In addition, the SEC claims Romeril — with the help of other senior Xerox financial executives — fraudulently established a $100 million reserve for “unknown risks” arising out of a 1997 acquisition by Xerox. According to the complaint, Romeril “knew and approved of the improper release of the reserve in later years to cover expenses unrelated to the acquisition.”
The SEC also charged that Romeril authorized Xerox’s use of $315 million of numerous other excess or cushion reserves and $157 million of interest income from tax refunds to manage Xerox’s earnings.
The complaint alleges that Romeril failed to disclose the use and financial impact of all of these accounting actions, as well as certain lease transactions that Xerox entered into in 1999 (known as Partnership Asset Strategy, or PAS, transactions) that resulted in substantial and material increases in the company’s financial results and earnings trends at the expense of future periods.
As for Tayler, the commission alleges that from 1997 to 2000, he misled Xerox investors by participating in and failing to disclose the use of Xerox’s most material accounting actions, including margin normalization and return-on-equity that accelerated equipment revenues and earnings in violation of GAAP. The complaint also alleges that Tayler fraudulently failed to disclose the use and financial impact of Xerox’s 1999 PAS transactions.
In April 2002 the SEC brought an injunctive action against Xerox, which consented to the entry of a final judgment that permanently enjoined the company from violating the antifraud, reporting, and recordkeeping provisions of the federal securities laws.
Xerox also paid a $10 million civil penalty, agreed to restate its financial statements, and agreed to hire a consultant to review the company’s internal accounting controls and policies.
In a related-story: it seems former Xerox execs accused of wrongdoing, however, can still make a living despite career curbing settlements with the SEC. The New York Times reported last week that The Ford Foundation will keep Paul Allaire as its chairman, despite allegations by federal regulators that he committed accounting fraud as chairman and chief executive of Xerox.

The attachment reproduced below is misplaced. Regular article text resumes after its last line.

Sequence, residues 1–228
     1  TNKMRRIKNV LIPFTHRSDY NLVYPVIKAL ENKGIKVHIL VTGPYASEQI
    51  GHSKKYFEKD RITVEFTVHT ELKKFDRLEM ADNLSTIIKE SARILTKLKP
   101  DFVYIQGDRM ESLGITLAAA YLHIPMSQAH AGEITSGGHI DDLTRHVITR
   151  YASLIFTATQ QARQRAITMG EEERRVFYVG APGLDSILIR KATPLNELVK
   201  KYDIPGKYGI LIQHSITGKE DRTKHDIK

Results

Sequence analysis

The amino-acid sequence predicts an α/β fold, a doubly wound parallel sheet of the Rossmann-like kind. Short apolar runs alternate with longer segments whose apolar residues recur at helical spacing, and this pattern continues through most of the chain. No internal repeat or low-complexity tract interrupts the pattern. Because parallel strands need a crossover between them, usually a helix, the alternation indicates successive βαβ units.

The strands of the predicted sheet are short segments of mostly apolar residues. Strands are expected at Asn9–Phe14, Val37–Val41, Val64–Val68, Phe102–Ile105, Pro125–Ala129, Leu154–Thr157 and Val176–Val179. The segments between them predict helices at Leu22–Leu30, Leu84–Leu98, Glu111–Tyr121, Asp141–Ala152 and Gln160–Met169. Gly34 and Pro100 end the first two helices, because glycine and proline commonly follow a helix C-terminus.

Under an SEC settlement, Allaire was banned for five years from serving as a director of a public company, was ordered to pay a $1 million penalty and forfeit $7.6 million in bonus pay and proceeds from stock sales at Xerox. The Ford Foundation, which does not consider itself a public entity, cleared Allaire for further service.
SEC Launches Formal Probe of Tenet
In another SEC action, Tenet Healthcare Corp. said it received a civil subpoena for documents from the commission, indicating that it is conducting a formal investigation of the company.
This follows disclosures by Tenet last November that the SEC had initiated an informal inquiry.
The subpoena seeks documents since May 31, 1997, related to Medicare outlier payments, stop-loss payments, and increases in gross charges, as well as the company’s financial and other disclosures.
The company said it would supply the requested documents and continue to cooperate with the SEC.
Late last year, CFO David Dennis resigned while COO Thomas Mackey retired after the company reported two separate unrelated investigations-one regarding outlier payments to Tenet hospitals and the other stemming from the merger of two of its hospitals in Missouri.
HealthSouth Finance Executive Pleads Guilty
The U.S. Justice Department has widened its investigation into HealthSouth Corp. from its accounting department to the treasury department. In doing so, Jason Brown, vice president of finance at HealthSouth Corp. agreed to plead guilty to fraud, the U.S. Justice Department announced last week.
Brown is the twelvth HealthSouth officer to accept charges and cooperate with the government’s probe. Among the dirty dozen: all five of the company’s previous finance chiefs. “We will continue to widen the net of our investigation to reach all those individuals who participated in this fraud.” U.S. Attorney Alice Martin said in a statement.
Specifically, Brown agreed to plead guilty to conspiracy to commit securities fraud, falsifying books and records, and wire fraud, the Justice Department said. The agency charges that Brown participated in a 2001 conspiracy to sell about $27 million of stock in another company but failed to record the sale on HealthSouth’s books.
Brown was also allegedly instructed to create a false sale document that showed HealthSouth sold the stock in 2002. He’s also charged with altering HealthSouth’s “same-store volume” records for the third quarter of 2002 to lessen their decline. The falsified numbers were then allegedly included in a news release that was sent to industry analysts and the public.
Prosecutors said the conspiracy charge carries a maximum penalty of five years in prison and a fine of $250,000. Government investigators have charged that HealthSouth deliberately inflated its value by $2.5 billion over several years.